[Python-ideas] Retire or reword the "Beautiful is better than ugly" Zen clause
p.f.moore at gmail.com
Thu Sep 13 12:44:54 EDT 2018
On Thu, 13 Sep 2018 at 17:15, Mark E. Haase <mehaase at gmail.com> wrote:
> Let's assume her proposal was made in good faith.
Certainly. I'm opposed to any proposal to change long-established and
common usage wording on the basis that it has the *potential* to cause
offense. If anyone is *actually* offended by the wording, let them
speak up, and explain why they find it offensive. Otherwise, I'd
prefer to assume that people are sensible, and have a certain level of
willingness to take others' words in good faith, rather than assuming
offense where none is intended.
It would be easy for me to claim that the culture of assuming offense
where none was intended is itself a divisive and corrosive factor in
society at the moment. But if I did so, that in itself would be making
unfair assumptions of the intention of people making proposals like
Samantha's, so I won't - I'll merely say that I'd like any proposal
such as this to be backed by specific evidence of real-world cases
that demonstrate that the change is needed, exactly the same criteria
as we would use for a proposal for a technical change.
For what it's worth, I'd also have preferred it if the recent change
to eliminate the (pretty standard) master/slave terminology from the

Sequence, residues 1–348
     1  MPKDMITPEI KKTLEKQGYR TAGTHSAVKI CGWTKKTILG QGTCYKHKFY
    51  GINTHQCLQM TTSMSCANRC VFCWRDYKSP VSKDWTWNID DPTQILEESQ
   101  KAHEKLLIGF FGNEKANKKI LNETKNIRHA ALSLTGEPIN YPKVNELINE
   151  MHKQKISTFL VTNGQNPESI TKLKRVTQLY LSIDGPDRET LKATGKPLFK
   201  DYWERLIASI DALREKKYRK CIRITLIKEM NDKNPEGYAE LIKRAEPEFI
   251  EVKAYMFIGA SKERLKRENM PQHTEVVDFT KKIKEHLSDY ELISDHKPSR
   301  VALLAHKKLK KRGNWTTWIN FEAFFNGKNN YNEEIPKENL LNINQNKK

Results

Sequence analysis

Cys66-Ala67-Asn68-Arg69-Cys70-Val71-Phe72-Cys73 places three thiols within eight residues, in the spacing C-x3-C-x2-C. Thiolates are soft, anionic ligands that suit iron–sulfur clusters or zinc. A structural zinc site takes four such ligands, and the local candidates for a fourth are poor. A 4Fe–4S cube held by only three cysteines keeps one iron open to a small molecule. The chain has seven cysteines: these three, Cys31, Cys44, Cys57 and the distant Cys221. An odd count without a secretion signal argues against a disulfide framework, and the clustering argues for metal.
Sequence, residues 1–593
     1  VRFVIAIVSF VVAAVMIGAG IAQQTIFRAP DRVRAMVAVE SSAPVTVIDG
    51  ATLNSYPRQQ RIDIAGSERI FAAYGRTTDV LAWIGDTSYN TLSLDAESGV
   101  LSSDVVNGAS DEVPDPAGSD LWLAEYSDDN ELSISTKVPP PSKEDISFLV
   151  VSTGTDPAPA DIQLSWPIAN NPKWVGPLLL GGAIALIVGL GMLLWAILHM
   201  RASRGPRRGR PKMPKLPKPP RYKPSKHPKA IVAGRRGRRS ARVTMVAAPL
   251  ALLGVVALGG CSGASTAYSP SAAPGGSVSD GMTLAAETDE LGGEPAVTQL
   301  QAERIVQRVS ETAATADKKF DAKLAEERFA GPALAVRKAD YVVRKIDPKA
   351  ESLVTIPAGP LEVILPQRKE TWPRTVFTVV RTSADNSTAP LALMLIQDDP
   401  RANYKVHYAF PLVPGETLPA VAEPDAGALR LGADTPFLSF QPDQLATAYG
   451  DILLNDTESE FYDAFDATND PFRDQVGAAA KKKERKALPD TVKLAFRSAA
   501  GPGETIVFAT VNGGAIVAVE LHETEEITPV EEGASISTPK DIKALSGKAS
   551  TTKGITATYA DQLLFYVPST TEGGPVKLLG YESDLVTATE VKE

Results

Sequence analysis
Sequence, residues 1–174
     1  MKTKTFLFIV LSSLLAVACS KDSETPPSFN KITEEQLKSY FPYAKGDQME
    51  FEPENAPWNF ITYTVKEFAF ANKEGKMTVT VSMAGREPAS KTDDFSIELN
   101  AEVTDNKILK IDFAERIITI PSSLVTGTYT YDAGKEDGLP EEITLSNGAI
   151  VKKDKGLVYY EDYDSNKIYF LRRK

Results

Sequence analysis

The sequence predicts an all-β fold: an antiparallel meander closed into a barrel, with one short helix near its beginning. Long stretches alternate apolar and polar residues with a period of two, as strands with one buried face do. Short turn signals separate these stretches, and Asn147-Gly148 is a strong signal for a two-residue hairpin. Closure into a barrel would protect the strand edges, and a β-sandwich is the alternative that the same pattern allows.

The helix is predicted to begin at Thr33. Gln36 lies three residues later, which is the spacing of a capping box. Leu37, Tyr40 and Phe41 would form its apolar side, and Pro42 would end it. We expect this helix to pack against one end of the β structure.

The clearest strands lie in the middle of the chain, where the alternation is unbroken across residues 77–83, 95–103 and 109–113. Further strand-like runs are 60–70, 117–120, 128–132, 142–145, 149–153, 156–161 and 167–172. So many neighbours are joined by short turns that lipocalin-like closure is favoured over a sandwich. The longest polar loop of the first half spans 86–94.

documentation had been subject to the same requirement for evidence of
Words have multiple meanings. Assuming that a word used in one context
automatically brings along context and connotations from a totally
unrelated area seems silly to me, to be honest. Language isn't that
black and white.
 I appreciate that questions of what makes good, or even
acceptable, prose are very subjective. So concrete evidence is harder
to produce. But nevertheless, at least an honest attempt to produce
*something* would be better than simple unsubstantiated statements
like "you can't argue that the word "ugly" is harmless" (yes I can -
and I will, if you insist), or references like "In the spirit of the
big recent terminology change" to other controversial changes as if
they offered unqualified justification for more of the same.
 There's an example - in case anyone thought otherwise, the phrase
"black and white" referred to contrast between opposites, and not
racial stereotyping, or indeed any reference to people as opposed to
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